In a related vein, Shi (2015) finds that postcards exposing voters to a dissonant argument on same-sex marriage reduce subsequent voter turnout.

  4. 4.

    Experimental studies also rely on self-reported vote choice, not the actual vote cast. This is less of a concern, as pre-election public opinion surveys like this one typically provide accurate measures of vote choice (Hopkins 2009).

  5. 5.

    Such support scores are commonly employed by campaigns. To generate them, data vendors fit a model to data where candidate support is observed, typically survey data. They then use the model, alongside known demographic and geographic characteristics, to estimate each voter’s probability of supporting a given candidate in a much broader sample. The specific model employed is proprietary and unknown to the researchers. The Pearson’s correlation with a separate measure of precinct-level prior Democratic support is 0.47, indicating the importance of precinct-level measures in its calculation in this data set. For more on the use of such data and scores within political science, see Ansolabehere et al. (2011), Ansolabehere et al. (2012), Rogers and Aida (2014) and Hersh (2015).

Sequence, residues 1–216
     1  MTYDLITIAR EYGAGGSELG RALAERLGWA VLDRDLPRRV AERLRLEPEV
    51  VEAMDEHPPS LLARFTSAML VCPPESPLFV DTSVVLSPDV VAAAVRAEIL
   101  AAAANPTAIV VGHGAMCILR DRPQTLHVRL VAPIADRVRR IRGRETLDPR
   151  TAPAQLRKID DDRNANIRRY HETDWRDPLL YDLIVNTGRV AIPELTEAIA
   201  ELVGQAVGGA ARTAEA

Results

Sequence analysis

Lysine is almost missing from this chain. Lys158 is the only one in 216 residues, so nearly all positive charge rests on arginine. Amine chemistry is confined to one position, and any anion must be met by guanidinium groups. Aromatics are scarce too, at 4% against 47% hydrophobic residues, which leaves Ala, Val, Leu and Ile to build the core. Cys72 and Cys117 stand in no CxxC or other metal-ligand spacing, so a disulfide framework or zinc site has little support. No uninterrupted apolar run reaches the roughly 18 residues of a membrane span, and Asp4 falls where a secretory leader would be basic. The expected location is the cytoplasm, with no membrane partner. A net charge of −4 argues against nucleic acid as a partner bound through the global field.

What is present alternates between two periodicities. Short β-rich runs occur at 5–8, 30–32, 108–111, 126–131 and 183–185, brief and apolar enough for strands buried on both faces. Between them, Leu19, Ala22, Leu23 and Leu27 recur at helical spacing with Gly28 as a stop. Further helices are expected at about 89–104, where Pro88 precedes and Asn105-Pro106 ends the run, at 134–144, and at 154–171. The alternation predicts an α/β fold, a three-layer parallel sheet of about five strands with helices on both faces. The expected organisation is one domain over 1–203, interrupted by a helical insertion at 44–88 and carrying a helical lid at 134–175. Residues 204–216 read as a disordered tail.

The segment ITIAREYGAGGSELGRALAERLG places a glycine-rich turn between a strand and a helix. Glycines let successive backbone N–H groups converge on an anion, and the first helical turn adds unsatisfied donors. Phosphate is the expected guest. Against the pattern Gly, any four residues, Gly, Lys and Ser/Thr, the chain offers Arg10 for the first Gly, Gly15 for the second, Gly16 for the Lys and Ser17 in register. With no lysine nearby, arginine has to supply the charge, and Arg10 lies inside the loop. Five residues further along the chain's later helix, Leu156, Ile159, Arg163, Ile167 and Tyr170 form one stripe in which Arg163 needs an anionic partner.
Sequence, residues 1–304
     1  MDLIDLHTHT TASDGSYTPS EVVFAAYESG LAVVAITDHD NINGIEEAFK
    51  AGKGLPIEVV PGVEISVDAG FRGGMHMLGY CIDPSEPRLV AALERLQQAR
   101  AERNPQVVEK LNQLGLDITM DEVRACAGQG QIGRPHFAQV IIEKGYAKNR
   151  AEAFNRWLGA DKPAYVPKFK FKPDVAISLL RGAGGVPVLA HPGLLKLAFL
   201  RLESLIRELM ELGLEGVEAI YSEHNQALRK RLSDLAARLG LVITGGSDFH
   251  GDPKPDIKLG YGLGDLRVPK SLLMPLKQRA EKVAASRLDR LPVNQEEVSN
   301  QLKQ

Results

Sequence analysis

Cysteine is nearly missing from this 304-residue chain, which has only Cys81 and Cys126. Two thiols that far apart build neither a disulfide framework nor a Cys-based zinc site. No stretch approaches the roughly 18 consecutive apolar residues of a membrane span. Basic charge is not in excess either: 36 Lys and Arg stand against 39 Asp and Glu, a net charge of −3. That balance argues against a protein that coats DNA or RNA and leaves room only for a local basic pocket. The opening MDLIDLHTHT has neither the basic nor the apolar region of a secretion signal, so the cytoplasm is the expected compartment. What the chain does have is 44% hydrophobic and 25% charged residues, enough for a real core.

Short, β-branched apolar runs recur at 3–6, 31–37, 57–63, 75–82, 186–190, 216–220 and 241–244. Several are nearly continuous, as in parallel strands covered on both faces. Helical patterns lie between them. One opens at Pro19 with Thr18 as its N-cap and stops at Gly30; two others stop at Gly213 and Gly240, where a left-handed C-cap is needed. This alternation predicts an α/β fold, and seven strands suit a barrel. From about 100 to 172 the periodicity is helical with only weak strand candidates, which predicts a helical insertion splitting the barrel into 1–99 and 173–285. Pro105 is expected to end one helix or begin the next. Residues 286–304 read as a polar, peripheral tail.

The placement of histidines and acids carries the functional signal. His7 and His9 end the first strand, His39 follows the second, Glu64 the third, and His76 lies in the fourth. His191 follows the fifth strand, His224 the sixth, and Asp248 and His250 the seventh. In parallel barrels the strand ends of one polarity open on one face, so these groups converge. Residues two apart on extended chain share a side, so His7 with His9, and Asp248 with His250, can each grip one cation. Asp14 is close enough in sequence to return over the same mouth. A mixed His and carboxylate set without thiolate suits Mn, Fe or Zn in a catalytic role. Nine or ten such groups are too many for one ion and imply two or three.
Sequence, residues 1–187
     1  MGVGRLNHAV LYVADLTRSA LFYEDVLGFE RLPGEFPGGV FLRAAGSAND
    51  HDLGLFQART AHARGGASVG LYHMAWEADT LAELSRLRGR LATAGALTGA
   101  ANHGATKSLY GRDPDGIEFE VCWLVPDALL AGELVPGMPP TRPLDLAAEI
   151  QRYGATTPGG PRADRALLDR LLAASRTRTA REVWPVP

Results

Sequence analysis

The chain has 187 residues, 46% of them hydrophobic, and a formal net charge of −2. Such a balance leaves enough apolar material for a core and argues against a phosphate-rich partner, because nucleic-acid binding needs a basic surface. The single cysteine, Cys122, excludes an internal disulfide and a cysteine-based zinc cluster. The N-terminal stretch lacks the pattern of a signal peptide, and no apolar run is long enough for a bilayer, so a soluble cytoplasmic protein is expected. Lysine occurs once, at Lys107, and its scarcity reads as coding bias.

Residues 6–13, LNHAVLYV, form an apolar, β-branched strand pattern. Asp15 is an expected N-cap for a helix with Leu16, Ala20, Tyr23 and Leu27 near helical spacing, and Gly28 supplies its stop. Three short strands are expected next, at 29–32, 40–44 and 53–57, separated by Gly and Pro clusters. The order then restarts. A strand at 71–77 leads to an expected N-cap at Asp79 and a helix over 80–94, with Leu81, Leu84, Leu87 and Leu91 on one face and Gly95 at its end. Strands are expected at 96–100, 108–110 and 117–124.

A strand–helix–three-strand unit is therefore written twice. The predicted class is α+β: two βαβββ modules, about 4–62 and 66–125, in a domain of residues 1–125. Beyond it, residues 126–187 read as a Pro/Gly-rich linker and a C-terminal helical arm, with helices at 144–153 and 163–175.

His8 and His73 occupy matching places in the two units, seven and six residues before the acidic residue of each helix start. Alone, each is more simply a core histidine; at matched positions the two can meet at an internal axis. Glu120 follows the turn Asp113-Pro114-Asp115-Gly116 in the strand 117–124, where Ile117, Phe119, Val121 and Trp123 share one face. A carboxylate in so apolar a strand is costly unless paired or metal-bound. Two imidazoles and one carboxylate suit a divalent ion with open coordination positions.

6. 6.

    This age skew reduces one empirical concern, which is that voters under the age of 26 have truncated vote histories. Only 2.1% of targeted voters were under 26 in 2008, and thus under 18 in 2000.

  7. 7.

    Specifically, voters were coded as “strong Obama,” “lean Obama,” “undecided,” “lean McCain,” and “strong McCain.”

  8. 8.

    We can do additional analyses to approximate the effect of the treatment on people who actually spoke to the canvassers (the so-called Complier Average Causal Effect; see Angrist et al. 1996), and report the results in the Conclusion.

  9. 9.

    For the full regression, see the first column of Table 6 in the Appendix.

  10. 10.